Biggest favorites Caleb Noble and Amelia Watkinson take wins at Challenge Taiwan

Caleb Noble wins Challenge Taiwan (Picture: Challenge Family)

Over 8,000 athletes lined up this weekend for Asia’s largest long distance at Challenge Taiwan in Taitung and the return of pro racing to the event. Caleb Noble and Amelia Watkinson took out top honours in 3:45:17 and 4:03:40 respectively, both leading from the gun.

In the men’s race, Australia’s Caleb Noble exited Flowing Lake in 24:40 neck and neck with fellow countryman Jack Sosinski with local triathlon hero Tuan Chang 21 seconds down in third. Noble and Sosinski continued neck and neck up throughout the first half of the out-and-back course at speeds averaging 44kph and knowing there was a strong tailwind on the way back, thoughts did turn to a potential course record. However, Noble dropped his chain with just a couple of kilometres to go. Sosinski rode away but was no match for Noble’s power on the bike and he was soon recaught. With temperatures and humidity rising, the two lead men exited T2 together, but within 5km, Noble had a one minute lead over Sosinski, which he continued to extend to take the win in 3:45:17, just 15 seconds shy of Jan Frodeno’s 2018 course record. Sosinski crossed the line in 3:48:31 while hometown hero, Tuan Chang rounded out the men’s podium in 3:53:40.

“Taiwan’s awesome, everyone is so welcoming, especially the triathlon community here,” said Noble. “The bike was awesome but getting off, it was really hot – those run conditions are brutal and I kept saying to myself just hang on, hang on. I’m always getting seconds and thirds so it feels really good to get a win.”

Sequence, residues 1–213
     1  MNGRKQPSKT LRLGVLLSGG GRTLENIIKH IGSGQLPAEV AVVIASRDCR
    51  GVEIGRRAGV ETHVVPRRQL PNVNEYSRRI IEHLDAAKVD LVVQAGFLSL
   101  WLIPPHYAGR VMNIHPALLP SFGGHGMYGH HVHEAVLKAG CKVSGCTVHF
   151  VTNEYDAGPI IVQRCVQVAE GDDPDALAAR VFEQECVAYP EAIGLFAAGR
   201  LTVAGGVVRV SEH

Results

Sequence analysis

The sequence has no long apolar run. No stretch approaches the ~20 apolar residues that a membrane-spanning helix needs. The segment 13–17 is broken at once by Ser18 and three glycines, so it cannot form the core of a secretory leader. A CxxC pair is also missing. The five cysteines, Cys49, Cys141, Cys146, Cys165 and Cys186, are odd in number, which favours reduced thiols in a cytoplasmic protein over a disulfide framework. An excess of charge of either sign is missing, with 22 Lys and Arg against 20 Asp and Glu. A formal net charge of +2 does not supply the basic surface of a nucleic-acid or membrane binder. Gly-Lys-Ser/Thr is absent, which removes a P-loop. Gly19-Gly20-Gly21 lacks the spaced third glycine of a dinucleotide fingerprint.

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Amelia Watkinson (NZL) showed her dominance in the swim, exiting the water in 28:24, a clear 1:30 ahead of Dimity Lee Duke and she never looked back. Her lead was never under threat and she entered T2 having extended it to 14 minutes, overtaking the tail end male pros in the process. Always looking comfortable on the run, Watkinson took the title of Challenge Taiwan champion 2023 in 4:03:40. Just as Watkinson’s lead was never in question, neither was Duke’s second place and she crossed the line 24 minutes down in 4:27:34. Cassie Heaslip completed in the women’s podium in 4:37:30.

“I really wanted a good hit out and this race was a good opportunity, I love racing in Asia, it’s a great race, really well organised and I had a lot of fun,” said Watkinson. “The goal was to push the back third of the bike and the back third of the run and I was really digging deep. Racing alone is a different dynamic – when it’s a solo affair you’ve really got to find something inside and remind yourself what you’re here for and what you want to get out of it.”